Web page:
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Xi Jinping meets Taiwan’s Ma Ying-jeou in Beijing, 9 years after Singapore handshake

Chinese leader Xi Jinping met former Taiwanese president Ma Ying-jeou in Beijing on Wednesday. Their last meeting was in Singapore in 2015, marking the first cross-strait summit since the 1949 split after a civil war.



BEIJING: Chinese leader Xi Jinping held rare talks on Wednesday (10 April) with former Taiwanese president Ma Ying-jeou in Beijing, marking the first instance of a serving or former leader from the self-governed island meeting with the top leadership in mainland China.

The pair’s last meeting occurred in Singapore in November 2015, during Ma’s tenure, representing the inaugural cross-strait summit since the split in 1949 following a civil war.

The notable moment from that meeting was an 80-second handshake preceding their closed-door discussions.

These discussions come as Ma concludes an 11-day “journey of peace” to the mainland, reminiscent of his significant visit just over a year ago.

Despite prolonged cross-strait tensions, both Xi and Ma, in their opening remarks in front of the press, aimed to strike a conciliatory tone.

President Xi referred to his guest as “Mister Ma,” asserting that foreign interference cannot impede the historic trend of reunification and that no issue is insurmountable.

In response, Mr Ma, who led Taiwan from 2008 to 2016, addressed Xi as “General Secretary Xi,” emphasized the unbearable nature of war between the two sides, expressing confidence in their ability to avert conflict.

“War between the two sides would be unbearable, and the two sides of the [Taiwan] strait have the wisdom to avoid conflict,” Mr Ma said.

During his visit, the former leader of Taiwan’s main opposition party, the Beijing-friendly Kuomintang, is leading a group of Taiwanese students on a cultural exchange, mirroring activities from his visit last year.

 Starting from Shenzhen on 1 April, Ma toured several cities including Guangzhou, Zhuhai, and Xian before heading to Beijing.

Upon arrival, the 73-year-old visited the former residence of Sun Yat-sen, the founding father of modern China.

Ma’s visit occurs amid escalating cross-strait tensions, particularly as William Lai Ching-te of the independence-leaning ruling Democratic Progressive Party (DPP) is set to assume office as Taiwan’s president in just over a month.

Lai has been branded by Beijing as a “separatist” capable of instigating conflict on the island. These tensions have not only affected regional dynamics but also complicated relations between the United States and China.

President Xi has repeatedly cautioned US President Joe Biden that Taiwan represents a “red line” for Beijing and the “most sensitive issue” in Sino-American relations.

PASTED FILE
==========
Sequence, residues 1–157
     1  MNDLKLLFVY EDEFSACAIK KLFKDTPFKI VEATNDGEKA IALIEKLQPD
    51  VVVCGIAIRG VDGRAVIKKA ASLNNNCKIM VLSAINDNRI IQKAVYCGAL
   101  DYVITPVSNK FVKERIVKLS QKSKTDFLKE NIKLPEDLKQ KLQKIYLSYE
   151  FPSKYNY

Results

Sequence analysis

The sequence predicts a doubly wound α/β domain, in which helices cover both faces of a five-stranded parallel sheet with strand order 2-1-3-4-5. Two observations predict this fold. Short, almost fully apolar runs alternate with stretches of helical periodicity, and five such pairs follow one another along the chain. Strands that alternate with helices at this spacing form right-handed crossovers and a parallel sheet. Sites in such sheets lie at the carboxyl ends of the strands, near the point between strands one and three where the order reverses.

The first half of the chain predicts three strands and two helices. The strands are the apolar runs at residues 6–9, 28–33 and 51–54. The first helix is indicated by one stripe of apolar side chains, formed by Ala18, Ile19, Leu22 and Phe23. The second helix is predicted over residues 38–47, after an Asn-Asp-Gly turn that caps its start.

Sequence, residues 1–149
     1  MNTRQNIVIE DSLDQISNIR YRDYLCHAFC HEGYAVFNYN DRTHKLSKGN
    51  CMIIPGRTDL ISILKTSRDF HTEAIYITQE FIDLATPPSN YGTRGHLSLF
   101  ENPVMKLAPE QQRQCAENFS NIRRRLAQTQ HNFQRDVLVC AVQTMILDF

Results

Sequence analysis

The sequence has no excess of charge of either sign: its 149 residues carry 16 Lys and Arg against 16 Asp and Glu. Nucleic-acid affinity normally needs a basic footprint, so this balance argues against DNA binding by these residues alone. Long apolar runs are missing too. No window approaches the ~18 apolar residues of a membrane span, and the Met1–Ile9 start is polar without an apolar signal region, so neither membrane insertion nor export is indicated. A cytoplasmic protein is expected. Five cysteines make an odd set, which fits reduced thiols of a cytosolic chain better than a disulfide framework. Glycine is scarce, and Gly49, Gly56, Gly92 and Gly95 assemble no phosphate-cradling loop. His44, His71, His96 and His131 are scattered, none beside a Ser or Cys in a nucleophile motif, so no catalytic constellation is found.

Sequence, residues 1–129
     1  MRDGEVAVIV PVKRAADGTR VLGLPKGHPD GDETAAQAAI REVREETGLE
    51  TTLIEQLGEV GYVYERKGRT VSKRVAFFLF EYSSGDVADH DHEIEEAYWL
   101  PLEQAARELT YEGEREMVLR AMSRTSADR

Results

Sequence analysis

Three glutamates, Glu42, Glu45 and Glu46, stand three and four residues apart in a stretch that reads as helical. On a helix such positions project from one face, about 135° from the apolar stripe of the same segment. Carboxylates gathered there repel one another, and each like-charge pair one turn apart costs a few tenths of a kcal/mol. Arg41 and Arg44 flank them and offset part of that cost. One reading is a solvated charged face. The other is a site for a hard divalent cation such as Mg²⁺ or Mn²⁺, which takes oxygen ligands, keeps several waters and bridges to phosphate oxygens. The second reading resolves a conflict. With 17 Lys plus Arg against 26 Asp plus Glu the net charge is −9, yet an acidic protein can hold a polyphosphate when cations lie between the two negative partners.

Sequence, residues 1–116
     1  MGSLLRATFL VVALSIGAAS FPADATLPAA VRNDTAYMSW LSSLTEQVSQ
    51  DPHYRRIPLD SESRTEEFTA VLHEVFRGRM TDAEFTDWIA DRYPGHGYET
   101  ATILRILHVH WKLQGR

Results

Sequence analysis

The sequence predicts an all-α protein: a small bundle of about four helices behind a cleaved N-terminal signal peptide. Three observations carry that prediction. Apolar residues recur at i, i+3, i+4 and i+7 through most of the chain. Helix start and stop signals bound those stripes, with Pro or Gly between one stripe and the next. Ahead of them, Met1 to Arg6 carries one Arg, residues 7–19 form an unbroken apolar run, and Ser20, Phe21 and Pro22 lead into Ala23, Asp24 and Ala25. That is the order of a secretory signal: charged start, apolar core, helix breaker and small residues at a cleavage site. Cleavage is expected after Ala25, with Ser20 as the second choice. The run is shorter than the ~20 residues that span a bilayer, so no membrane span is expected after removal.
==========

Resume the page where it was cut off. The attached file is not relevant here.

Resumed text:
Mr Ma downplays “dictator” label for Xi Jinping

In a January interview this year, before Taiwan’s Election, Mr Masparked controversy by asserting that, regarding cross-strait relations, Taiwan must place trust in Xi Jinping.

This statement unfolded during an interview with DW News. when Tsou Tzung-han, DW Taipei Bureau Chief, asked Ma whether Xi Jinping is a dictator, as per Joe Biden’s characterization, Ma responded that the term is not particularly crucial in the context of cross-strait relations.

“Because we have to create a situation that we can deal with each other peacefully without having to use force. ”

“And that is probably more important than any other rhetoric you have,” Mr Ma told the journalist.

Mr Tsou then asked, “So you think  you can trust him (Xi Jinping)?”

Mr Ma replied, “As far as cross-strait relations, you have to.”

He also warned that Taiwan would face a resounding defeat in a direct military conflict with China.

Beijing views Taiwan as an integral part of its territory, anticipating reunification even if it requires force.

Although the United States, along with most nations, does not officially recognize Taiwan as independent, it strongly opposes any forcible annexation and maintains its commitment to providing the island with military support.

During Mr Ma’s presidency, cross-strait relations significantly improved. He continues to wield influence within Taiwan’s Beijing-friendly faction and holds a prominent position within the KMT.

The meeting between Ma and Xi in Singapore occurred amidst escalating anti-mainland sentiment in Taiwan preceding the presidential elections in January 2016. Those elections resulted in the victory of the DPP’s Tsai Ing-wen, who concludes her two-term presidency in May.

The discussions between Xi and Ma in Singapore encompassed various topics, including the advancement of cross-strait relations and the “1992 consensus.”

The “1992 consensus” denotes an implicit understanding reached between negotiators from the Communist Party and the KMT, acknowledging the existence of one China while permitting differing interpretations. Tsai has rejected this consensus and has pursued closer ties with the United States, exacerbating tensions across the strait.

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Good leh, now they can become Heibai Wuchang together.

Haha888hahahaha, … all like minded communists will always have time and find time for another !!!